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How mountain biking mum Becky Cashman got her groove back


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After wrapping herself in cotton wool for too long, the business owner has finally got her groove back

Becky Cashman has always been an adventurous soul. She spent her childhood in the United States playing outside, only coming home for meals, and when she left school at 18, she became an adventure guide and spent the next two decades leading trips around the world.

It was on one of these expeditions that Becky met her husband John Sanderson, 57, and the trajectory of her life changed.

“I had a job working in Nepal as an outdoor guide. And I met this lovely Kiwi man who was also working for the same business, and we quite liked each other,” Becky says. “That was 25 years ago. We got married, and I moved here to New Zealand and settled down and had children.”

The 56-year-old says welcoming her children, Helena, 17, and Issac, 14, had a huge impact on her adrenaline-filled lifestyle.

“My life changed significantly when I had Helena. My love of adventure and adrenaline just quieted down,” recalls the Kerikeri resident. “I didn’t need that kind of energy in my life because I was taking care of her, and turning into a mum that was softer and quieter.

Now Becky and her family (from left) Helena, husband John and Issac, all go on adventures together.

“Then my second came along and I stopped doing really physical, heart-pumping things. Fifteen years down the track, I realised that I felt vulnerable, like maybe my body couldn’t handle that kind of activity any more. And I was really afraid that if I fell, I would get an injury.”

Becky’s fears were brought to a head when three years ago, the rest of her family fell in love with mountain biking. At first, Becky relished the alone time when John and the kids were off riding, but that soon changed.

“I really enjoyed the peace of them all leaving, but then somewhere along the way, it shifted to, ‘Hang on, I think they’re going out and having fun and I’m missing out!'” Becky laughs.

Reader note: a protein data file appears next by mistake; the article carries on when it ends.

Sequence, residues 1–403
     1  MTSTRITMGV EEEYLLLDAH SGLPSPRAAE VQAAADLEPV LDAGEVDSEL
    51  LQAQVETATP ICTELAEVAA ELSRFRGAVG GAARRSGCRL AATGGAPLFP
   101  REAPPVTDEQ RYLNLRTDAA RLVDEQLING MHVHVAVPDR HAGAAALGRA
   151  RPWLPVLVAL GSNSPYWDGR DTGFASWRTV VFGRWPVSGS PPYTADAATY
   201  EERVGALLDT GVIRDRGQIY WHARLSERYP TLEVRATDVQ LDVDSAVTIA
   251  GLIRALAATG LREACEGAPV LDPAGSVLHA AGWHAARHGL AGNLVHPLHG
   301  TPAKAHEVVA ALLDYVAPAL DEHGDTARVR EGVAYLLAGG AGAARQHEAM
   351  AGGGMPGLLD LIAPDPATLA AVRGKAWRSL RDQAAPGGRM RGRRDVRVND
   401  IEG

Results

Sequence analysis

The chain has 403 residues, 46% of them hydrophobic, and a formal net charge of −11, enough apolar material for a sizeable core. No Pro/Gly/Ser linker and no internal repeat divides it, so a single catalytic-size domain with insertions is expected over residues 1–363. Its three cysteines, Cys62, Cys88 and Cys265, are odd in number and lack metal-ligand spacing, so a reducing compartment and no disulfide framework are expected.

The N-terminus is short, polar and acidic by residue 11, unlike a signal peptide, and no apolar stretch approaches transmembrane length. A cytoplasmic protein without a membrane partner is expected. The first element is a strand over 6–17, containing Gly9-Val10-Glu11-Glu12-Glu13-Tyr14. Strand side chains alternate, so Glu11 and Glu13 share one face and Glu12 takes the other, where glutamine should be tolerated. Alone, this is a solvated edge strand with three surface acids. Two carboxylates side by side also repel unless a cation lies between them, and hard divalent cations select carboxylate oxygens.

So, in June last year, driven by her desire to compete in the Spirited Women Adventure Race with Helena, Becky decided it was time to tackle her fear.

She was inspired by a TEDx Talk by Josh Kaufman entitled The First 20 Hours – How to Learn Anything…Fast, and applied that ethos to her training, committing to 20 rides.

The Goodbye founder, whose business makes organic insect repellent and sunscreen, admits if she hadn’t promised herself she would do 20 rides, she probably wouldn’t have hopped back on the bike after her first attempt.

“I felt very nervous, like I wasn’t even sure I remembered how to ride a bike, much less ride on a track,” Becky shares. “My husband was so enthusiastic, almost over-enthusiastic. He got me to go right to the top of the first pitch of the mountain and halfway up, I was walking my bike.

Becky says there is more to mountain-bike riding than fitness. “I have myself back,” she says.

“First I was yelling at him, and then I was just crying because I thought, ‘I can’t do this. If this is the beginning, then I’m not able to be this person.’ My kids were quite horrified that Dad had taken me up the mountain.”

Once Becky made it clear she needed to take the journey at her own pace, John has been one of her biggest supporters.

Now, almost a year on, Becky confidently calls herself a mountain-bike rider and says she has gained so much more from the experience than she ever could have imagined.

“The confidence and the energy I have from the project are so ongoing, and it’s like I have myself back. There was a me and then I had kids, and that old me disappeared for a long time and biking reminded me that I can be that person again. I really am so grateful for that.”

It has also brought Becky even closer to her kids.

“It turns out my children are great teachers,” she enthuses. “They’ve appreciated sharing their skills and insights with me, and they’re patient and they’re really encouraging. It’s allowed me to see a different side of my children.”

As a small business owner, Becky says being able to get out and ride has also been a huge help for her mental health.

“Covid has been stressful on every level, and being able to clear my head and just focus on this ride, this moment, this forest… There’s no space to think about what’s next for the business – to worry. It’s a ‘present moment’ experience and that is a soother to the nervous system.”



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